This is a really awesome tree in front of our house. The pictures don't quite do it justice but it is so red it looks like its on fire. The truck in the foreground comes to town 3 times a week to sell vegetables.

Another view

When we first visited Santa Bárbara we didn’t really like it – it was loud, crowded, and definitely had more of a “city” feel as opposed to the laid back “pueblo” vibe of Trinidad.  Over the course of the past year we have come to appreciate certain aspects of Santa Bárbara such as the vegetarian restaurant where you can always get a delicious salad, the bustling city market which has a wide selection of fresh fruits and vegetables, a mini-supermarket (key word mini) which usually has peanut butter, jelly, canned tuna, and tea bags, and of course the blessed bakery/ice cream shop that sells coffee granitas!

Our shopping day also included a stop in the small town of Arada to visit an amazing women’s co-op that makes the most beautiful baskets.  Arada is only a short 15 minute bus ride past Santa Bárbara and although there is little to nothing going on in town it is a very nice place with cool breezes, pretty streets lined with neat houses, and home to arguably the best craft makers in Honduras.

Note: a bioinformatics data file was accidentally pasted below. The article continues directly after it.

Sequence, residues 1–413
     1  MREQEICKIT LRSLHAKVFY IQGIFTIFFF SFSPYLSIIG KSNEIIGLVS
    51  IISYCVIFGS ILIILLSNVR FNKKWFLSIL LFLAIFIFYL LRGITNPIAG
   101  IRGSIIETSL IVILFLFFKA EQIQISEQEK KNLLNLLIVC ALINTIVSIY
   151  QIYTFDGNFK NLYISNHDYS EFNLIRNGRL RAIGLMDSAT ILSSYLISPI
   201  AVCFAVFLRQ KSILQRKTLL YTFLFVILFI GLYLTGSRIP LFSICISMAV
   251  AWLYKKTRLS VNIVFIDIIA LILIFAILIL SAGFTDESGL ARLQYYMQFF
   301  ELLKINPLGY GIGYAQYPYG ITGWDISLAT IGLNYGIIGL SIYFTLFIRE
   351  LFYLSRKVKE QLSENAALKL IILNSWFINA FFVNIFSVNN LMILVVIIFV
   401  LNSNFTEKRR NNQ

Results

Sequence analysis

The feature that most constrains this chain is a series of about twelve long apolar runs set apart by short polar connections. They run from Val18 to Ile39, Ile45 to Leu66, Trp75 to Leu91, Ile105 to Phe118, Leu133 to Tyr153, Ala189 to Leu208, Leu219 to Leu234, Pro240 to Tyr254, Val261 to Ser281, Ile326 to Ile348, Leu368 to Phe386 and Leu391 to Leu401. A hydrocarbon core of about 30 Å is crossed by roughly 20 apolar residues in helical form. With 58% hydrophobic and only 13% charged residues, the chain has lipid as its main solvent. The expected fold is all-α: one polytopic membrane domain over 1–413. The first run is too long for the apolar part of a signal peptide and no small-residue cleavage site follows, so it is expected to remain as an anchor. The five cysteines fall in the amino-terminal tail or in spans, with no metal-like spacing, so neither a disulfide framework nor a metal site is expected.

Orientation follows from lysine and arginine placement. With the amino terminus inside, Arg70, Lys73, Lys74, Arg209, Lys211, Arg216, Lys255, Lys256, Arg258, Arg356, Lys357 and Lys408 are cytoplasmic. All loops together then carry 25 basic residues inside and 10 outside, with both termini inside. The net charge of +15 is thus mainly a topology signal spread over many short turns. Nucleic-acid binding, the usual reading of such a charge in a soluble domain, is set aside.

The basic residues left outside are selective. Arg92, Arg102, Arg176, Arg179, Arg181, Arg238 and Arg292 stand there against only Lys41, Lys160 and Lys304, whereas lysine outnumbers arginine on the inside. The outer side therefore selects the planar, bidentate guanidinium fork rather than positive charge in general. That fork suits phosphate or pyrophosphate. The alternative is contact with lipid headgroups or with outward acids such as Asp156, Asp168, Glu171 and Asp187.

We first met the leader of this co-op almost a year ago at (where else?) the mall in San Pedro.  There happened to be an artisan fair set up that day and this brightly colored fan caught my eye, which David sweetly bought me for my birthday!  I loved the women’s crafts so much that I scribbled down “Arada – Noncita” (name of the lady) on a random piece of paper in my purse and filed it away for later use.  Four months later we showed up in town and asked around until we found Noncita’s house!  She answered our calls of “Buenas!” and led us into her front room which was loaded down with baskets, fans, purses, coasters, trivets, keychains, etc.

Baskets galore

Christmas gifts - total cost approximately $50

We bought even more good stuff for family & friends during the most recent trip but I don’t want to spoil the surprise with photos!  If you’re lucky enough to know us in real life (ha!) then you will see soon enough 🙂